The best product (e.g., a machine, a system or a device) is useless if you don't know how to use it correctly (i.e. for its intended purpose). User information about an application is really not just a novelty. Even ancient Egyptian sources attest to the existence of descriptions in the form of images carved in stone that deal with the execution of a technique; for example, the depiction of the steps for melting metals or the image of a worker in a stooped position in front of a fireplace.
Then as now, if you develop good operating manuals for your customers, you create the difference between a positive and a negative experience for the user, and as such, you also influence product perception. This means that if the manual is inadequate, this negative experience will also reflect poorly on the product.
Different Terms – One Common Goal
In connection with operating manuals, a large number of terms appear which are typically used in more or less the same sense: Sometimes they're called operating instructions and sometimes an operating manual. In addition, instructions for use, user manuals or even just user information are all commonly understood to mean "operating instructions".
The relevant standards and directives also require different terms, in some cases. For example, the EU's Machinery Directive uses the term "instruction handbook", while DIN EN 82079-1 uses "user manual". This can lead to confusion and misunderstandings.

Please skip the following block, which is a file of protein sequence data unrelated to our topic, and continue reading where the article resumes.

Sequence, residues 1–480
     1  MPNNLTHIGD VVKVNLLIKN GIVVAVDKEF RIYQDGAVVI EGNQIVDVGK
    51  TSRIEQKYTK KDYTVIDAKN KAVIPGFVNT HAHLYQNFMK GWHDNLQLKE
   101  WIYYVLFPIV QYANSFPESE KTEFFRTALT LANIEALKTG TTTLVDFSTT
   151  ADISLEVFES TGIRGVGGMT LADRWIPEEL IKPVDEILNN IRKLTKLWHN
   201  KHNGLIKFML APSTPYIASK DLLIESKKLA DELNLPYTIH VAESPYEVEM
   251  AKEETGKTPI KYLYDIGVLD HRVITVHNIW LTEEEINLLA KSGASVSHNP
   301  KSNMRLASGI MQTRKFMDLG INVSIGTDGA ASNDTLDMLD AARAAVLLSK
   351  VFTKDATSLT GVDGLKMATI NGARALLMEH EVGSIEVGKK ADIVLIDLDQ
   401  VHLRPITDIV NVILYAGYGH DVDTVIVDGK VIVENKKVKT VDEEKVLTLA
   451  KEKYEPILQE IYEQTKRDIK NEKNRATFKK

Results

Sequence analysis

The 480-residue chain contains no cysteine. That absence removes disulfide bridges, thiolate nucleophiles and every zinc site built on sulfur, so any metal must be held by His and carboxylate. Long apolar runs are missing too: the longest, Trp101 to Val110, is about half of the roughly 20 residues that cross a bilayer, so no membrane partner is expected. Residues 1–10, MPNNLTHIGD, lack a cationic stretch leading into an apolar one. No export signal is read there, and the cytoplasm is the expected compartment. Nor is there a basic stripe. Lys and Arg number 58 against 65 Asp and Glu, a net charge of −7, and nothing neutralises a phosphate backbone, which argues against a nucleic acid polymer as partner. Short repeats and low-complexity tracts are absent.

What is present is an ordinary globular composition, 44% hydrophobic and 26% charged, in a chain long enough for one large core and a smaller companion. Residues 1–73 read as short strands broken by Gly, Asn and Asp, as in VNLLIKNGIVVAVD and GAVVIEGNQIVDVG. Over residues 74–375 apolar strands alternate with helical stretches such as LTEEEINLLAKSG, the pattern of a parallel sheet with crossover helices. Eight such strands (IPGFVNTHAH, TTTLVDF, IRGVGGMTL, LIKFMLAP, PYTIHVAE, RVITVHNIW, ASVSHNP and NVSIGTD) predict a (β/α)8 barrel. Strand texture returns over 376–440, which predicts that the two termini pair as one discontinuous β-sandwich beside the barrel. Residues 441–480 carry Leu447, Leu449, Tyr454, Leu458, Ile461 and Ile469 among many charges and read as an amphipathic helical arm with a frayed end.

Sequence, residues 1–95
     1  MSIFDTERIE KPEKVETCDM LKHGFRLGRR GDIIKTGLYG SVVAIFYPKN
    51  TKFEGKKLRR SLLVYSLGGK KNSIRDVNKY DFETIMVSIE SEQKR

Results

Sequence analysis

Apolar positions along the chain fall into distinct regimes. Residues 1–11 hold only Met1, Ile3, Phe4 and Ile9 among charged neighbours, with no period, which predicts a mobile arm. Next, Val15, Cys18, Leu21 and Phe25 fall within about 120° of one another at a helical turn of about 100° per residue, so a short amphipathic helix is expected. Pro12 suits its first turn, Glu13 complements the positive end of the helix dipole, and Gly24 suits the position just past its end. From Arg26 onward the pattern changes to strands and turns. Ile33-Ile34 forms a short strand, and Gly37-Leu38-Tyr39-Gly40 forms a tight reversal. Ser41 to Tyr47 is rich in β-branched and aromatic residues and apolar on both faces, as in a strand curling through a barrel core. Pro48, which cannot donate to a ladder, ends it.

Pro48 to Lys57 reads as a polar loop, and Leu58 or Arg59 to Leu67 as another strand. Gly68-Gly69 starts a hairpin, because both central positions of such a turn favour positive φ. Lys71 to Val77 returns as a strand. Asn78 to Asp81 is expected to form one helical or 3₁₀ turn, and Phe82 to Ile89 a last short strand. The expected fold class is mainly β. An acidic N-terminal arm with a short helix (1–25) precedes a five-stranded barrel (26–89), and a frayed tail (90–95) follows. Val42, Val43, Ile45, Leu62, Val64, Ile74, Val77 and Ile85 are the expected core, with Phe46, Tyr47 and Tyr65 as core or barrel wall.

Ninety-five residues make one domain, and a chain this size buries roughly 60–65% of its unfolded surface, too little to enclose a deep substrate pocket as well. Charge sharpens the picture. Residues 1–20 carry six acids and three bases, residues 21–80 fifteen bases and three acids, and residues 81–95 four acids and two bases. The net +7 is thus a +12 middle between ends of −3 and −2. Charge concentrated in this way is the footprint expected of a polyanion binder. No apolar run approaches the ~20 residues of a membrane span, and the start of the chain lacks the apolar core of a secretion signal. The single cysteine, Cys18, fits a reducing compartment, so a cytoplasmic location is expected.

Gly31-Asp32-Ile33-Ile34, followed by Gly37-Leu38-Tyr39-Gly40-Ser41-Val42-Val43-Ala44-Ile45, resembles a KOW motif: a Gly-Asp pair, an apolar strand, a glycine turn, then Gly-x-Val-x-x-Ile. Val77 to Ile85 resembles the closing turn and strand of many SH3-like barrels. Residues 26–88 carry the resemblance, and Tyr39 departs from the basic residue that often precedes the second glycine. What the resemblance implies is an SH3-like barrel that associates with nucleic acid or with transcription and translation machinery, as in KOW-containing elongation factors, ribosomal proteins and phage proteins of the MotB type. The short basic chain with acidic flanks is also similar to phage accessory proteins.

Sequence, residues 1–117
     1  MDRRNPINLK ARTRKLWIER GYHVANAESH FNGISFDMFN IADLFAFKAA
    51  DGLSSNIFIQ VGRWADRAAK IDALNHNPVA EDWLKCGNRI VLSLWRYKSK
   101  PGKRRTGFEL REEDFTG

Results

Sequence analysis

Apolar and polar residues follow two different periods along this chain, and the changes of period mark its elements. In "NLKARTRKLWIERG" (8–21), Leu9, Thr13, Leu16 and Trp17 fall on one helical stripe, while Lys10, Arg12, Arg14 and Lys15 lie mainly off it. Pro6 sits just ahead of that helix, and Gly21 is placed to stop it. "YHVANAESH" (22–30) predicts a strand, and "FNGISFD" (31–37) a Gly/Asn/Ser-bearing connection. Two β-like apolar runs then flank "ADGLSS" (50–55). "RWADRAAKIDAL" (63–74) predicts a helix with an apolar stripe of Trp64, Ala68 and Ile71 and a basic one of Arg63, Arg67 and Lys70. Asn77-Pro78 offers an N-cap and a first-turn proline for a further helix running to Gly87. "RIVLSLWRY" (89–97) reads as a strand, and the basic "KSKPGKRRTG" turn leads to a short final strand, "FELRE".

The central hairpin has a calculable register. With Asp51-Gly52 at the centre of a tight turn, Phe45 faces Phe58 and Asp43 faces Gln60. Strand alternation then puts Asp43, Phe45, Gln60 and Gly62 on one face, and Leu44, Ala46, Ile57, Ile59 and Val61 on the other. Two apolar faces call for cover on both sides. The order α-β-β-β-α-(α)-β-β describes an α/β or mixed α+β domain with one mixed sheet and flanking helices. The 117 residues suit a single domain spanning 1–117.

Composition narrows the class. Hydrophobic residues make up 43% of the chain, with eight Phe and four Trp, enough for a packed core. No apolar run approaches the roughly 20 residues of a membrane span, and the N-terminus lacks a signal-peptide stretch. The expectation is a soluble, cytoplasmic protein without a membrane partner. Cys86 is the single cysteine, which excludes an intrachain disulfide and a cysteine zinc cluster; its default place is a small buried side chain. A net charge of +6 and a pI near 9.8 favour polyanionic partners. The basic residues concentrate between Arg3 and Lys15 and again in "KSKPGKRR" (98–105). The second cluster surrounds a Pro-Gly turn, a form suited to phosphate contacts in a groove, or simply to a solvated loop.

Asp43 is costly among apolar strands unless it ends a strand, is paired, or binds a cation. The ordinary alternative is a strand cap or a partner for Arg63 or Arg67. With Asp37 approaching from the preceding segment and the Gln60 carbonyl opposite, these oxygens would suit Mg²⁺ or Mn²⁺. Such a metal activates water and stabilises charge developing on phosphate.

In essence, however, these designations mean the same thing, namely:
"Information that helps the user of a product to use, operate and maintain the product safely and in accordance with its intended purpose and to dispose of it safely after use".
So, in the end, it doesn't matter what the name of the user information document is and whether the manufacturer delivers its product with an instruction manual, operating instructions or instructions for use. What matters is that the user information meets the specific requirements and can be understood and safely implemented by users.
When do I need an Operating Manual?
From a legal perspective, the manufacturer of a product has an obligation to instruct the customer, which must be fulfilled by providing operating instructions (e.g. manuals). This means that if the operating manual is missing, the product is incomplete, and if the operating manuals are faulty, then the product is also considered to be faulty.
Operating manuals are therefore just as important as the product itself and must be regarded as a part of the product.